Part 2: if you are contacted by the NHS Test and Trace service because you have been in close contact with someone who has tested positive for coronavirus
alert: you will be alerted by the NHS Test and Trace service if you have been in close contact with someone who has tested positive for coronavirus. The alert will usually come by text, email or phone call. You should then log on to the NHS Test and Trace website, which is normally the easiest way for you and the service to communicate with each other but, if not, a trained call handler will talk you through what you must do. Under-18s will get a phone call and a parent or guardian will be asked to give permission for the call to continue
isolate: you will be told to begin self-isolation for 14 days from your last contact with the person who has tested positive. Its really important to do this even if you dont feel unwell because, if you have been infected, you could become infectious to others at any point up to 14 days. Your household doesnt need to self-isolate with you, if you do not have symptoms, but they must take extra care to follow the guidance on social distancing and handwashing and avoid contact with you at home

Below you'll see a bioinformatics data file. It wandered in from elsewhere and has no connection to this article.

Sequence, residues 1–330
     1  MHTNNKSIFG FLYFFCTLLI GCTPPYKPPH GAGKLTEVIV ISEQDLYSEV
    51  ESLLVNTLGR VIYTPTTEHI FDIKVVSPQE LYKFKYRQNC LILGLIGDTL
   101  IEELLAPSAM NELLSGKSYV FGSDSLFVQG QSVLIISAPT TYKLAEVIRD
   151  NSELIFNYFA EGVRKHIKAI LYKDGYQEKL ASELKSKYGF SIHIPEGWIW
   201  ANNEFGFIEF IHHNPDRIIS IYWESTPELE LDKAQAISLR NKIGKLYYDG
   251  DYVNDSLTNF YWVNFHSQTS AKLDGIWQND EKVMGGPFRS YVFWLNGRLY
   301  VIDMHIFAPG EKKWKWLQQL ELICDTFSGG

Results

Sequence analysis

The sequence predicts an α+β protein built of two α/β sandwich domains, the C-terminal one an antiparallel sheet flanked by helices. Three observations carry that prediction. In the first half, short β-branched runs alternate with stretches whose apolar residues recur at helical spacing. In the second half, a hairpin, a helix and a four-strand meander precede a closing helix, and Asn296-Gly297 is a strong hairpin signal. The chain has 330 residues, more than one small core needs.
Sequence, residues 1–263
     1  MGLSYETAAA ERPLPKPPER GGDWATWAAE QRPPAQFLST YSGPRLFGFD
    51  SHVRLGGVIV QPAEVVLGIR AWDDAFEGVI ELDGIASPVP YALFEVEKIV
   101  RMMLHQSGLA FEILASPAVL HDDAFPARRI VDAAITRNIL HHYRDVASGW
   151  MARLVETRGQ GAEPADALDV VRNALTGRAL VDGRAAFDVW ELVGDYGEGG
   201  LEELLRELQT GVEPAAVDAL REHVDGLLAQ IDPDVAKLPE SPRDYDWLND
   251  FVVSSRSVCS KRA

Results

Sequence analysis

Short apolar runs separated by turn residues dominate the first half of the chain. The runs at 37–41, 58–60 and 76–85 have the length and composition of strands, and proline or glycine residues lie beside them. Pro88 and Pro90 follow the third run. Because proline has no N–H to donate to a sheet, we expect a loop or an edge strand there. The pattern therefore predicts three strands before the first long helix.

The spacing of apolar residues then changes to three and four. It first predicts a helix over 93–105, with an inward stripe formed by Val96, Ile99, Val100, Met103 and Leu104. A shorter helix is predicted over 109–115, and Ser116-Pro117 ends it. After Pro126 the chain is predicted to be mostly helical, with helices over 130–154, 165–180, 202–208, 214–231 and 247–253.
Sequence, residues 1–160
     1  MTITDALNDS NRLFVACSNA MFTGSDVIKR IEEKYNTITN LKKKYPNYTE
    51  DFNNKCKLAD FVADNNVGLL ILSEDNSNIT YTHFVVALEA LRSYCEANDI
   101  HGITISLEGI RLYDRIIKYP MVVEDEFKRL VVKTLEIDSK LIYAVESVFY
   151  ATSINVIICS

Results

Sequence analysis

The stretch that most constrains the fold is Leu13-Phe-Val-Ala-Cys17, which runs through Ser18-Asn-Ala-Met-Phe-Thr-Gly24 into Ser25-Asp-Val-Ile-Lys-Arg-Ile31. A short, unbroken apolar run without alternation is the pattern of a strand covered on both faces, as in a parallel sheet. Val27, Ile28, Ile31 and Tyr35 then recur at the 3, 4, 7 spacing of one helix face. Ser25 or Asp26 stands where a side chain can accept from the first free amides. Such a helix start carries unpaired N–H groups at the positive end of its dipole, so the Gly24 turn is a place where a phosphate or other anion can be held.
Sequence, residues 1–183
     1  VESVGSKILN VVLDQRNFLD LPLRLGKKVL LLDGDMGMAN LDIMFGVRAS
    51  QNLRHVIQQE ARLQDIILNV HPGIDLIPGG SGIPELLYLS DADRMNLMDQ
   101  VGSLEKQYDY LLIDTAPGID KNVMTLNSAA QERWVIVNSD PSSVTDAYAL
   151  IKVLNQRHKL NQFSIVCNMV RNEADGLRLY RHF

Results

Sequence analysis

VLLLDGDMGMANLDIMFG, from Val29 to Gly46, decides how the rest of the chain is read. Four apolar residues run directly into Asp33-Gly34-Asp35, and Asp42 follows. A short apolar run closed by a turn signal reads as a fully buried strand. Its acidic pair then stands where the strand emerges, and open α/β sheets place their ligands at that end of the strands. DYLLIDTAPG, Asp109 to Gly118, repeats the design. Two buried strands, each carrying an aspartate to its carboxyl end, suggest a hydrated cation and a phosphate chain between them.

test if needed: if you develop symptoms of coronavirus, other members of your household must self-isolate immediately at home for 14 days and you must get a test to check if you have coronavirus or call 119 if you have no internet access. If your test is positive, you must continue to stay at home for at least 10 days and we will get in touch to ask about your contacts since they must self-isolate. If your test is negative, you must still complete your 14-day self-isolation period because the virus may not be detectable yet – this is crucial to avoid unknowingly spreading the virus.
Part 1: people who develop symptoms of coronavirus
This section applies if you have symptoms of coronavirus or you have received a positive test result.
When to self-isolate